Indigenous Community Authority

According to Musa’ad, one of the obstacles for the local government is authority issues. To date, all authorities of licensing for both mining and forest concession are shifted to the central government. “There is no more local authority,” he said.

Therefore, the local government attempts that the Government Regulation Draft (RPP) accommodates an assignment of authority to Papuan community. The RPP is deemed technical rules of the Law No. 2/2021 on the Papua Special Autonomy. Authority transfer here will provide recognition and protection to the indigenous communities rights for having inhabited and safeguarded forests. “Land in Papua and West Papua has owners. The state should give it recognition,” added Musa’ad.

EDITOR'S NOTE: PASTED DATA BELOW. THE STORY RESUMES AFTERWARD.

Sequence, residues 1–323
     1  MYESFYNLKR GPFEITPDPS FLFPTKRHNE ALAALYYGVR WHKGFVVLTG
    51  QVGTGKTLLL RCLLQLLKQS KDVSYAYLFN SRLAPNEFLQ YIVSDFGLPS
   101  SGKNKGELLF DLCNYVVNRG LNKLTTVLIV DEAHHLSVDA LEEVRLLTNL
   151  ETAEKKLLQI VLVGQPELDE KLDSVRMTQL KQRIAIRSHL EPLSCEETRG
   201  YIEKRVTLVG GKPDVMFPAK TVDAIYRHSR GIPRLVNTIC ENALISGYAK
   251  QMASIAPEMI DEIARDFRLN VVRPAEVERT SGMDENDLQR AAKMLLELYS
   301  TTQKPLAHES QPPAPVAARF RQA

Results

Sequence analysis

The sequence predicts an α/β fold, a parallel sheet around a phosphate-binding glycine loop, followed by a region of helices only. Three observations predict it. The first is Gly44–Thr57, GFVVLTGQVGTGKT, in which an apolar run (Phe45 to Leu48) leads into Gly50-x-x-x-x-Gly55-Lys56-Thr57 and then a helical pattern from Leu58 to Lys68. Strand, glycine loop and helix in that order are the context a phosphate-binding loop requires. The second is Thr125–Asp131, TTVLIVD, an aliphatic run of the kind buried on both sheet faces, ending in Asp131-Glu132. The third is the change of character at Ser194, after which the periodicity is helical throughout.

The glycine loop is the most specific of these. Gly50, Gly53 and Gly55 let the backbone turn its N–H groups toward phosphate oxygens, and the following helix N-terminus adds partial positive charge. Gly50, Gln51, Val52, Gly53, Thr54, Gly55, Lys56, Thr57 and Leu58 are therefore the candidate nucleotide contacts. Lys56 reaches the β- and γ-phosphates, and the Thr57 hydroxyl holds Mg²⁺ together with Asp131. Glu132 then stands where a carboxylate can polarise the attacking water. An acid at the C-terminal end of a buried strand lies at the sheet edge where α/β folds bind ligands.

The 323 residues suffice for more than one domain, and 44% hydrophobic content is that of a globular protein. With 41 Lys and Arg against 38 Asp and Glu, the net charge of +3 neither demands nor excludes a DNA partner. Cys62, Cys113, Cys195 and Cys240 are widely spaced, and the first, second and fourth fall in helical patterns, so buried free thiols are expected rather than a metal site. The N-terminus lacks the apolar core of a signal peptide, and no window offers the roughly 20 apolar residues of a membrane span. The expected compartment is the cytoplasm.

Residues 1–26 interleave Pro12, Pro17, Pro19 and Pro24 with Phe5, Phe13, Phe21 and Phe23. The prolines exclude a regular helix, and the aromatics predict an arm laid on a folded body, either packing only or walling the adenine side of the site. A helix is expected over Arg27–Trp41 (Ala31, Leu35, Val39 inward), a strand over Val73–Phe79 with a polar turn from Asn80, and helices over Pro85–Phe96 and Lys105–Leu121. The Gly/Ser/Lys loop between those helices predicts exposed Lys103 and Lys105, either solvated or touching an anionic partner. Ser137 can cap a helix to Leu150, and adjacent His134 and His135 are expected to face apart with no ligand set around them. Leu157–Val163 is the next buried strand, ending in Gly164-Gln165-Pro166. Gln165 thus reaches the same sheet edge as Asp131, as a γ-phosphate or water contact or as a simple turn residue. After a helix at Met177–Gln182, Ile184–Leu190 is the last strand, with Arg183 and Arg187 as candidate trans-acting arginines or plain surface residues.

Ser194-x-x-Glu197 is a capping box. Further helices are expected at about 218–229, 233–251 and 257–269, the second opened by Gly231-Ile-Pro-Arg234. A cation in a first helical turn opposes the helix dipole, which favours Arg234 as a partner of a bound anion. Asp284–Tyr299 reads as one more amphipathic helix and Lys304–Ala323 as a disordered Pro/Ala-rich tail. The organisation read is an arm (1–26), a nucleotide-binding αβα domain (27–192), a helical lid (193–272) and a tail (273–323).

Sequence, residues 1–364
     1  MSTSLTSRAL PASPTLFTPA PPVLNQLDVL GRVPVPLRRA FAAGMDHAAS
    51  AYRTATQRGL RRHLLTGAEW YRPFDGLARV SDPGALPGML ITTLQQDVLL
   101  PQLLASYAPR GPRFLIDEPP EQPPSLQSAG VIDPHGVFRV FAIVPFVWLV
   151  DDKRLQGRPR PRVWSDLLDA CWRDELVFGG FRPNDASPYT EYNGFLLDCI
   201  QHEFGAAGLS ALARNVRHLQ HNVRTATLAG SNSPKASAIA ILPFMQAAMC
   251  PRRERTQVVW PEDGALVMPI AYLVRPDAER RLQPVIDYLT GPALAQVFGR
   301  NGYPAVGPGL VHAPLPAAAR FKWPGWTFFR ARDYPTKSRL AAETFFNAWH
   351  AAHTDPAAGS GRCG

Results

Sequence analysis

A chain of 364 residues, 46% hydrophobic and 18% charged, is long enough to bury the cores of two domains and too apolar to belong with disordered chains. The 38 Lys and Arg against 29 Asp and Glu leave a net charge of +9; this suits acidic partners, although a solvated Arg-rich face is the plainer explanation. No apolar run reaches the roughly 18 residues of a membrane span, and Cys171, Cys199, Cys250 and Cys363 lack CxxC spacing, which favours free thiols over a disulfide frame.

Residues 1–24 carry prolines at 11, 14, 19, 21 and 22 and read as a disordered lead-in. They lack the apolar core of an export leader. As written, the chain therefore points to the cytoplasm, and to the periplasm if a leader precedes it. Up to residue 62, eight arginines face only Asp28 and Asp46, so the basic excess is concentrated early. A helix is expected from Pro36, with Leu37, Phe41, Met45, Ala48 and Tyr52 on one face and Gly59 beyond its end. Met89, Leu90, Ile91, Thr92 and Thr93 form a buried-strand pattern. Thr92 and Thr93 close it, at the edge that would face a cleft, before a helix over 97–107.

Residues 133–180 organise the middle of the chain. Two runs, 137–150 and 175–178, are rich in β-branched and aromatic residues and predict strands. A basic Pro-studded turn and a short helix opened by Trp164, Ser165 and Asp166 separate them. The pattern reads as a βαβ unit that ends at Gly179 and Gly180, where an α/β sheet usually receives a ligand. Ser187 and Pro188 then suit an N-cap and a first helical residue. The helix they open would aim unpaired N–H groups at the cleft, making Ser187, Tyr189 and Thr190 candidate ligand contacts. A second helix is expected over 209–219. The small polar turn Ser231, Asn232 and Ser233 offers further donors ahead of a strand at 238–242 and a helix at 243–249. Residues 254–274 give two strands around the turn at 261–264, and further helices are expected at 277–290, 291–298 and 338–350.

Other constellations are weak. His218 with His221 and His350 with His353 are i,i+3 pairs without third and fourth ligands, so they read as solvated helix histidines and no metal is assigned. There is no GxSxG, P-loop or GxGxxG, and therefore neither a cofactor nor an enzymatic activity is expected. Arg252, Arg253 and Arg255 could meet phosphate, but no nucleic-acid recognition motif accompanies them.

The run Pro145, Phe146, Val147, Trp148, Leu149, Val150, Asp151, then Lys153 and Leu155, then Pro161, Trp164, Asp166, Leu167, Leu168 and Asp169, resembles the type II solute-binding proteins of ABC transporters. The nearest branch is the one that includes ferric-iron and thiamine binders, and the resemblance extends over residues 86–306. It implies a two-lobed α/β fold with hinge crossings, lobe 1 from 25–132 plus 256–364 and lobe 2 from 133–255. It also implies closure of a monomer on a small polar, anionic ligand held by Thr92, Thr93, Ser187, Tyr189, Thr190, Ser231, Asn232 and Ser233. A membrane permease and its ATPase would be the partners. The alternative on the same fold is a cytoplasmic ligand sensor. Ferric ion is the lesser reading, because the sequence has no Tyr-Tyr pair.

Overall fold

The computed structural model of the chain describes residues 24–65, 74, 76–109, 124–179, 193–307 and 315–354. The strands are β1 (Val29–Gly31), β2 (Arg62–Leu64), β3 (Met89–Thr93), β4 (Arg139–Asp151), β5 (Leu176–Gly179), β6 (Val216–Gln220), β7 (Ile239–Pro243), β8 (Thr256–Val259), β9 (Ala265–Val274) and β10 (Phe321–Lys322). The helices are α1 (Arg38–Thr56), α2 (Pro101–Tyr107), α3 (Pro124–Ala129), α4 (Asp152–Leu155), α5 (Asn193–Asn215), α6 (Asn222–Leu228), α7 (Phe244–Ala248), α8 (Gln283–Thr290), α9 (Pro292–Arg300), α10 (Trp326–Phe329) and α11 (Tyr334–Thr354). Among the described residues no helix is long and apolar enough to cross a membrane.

Concerning the management of the former palm oil concession after revocation, Dian Patria underlined the management of the indigenous community. As to him, there is a need to have social economic assessment on those plots of land. For instance on the management of natural resources by indigenous communities and assistance for management schemes. “This is big homework of which the bureaucrats could hardly work alone, but need support from partners,” Dian stressed out. 


Editor: Leo Wahyudi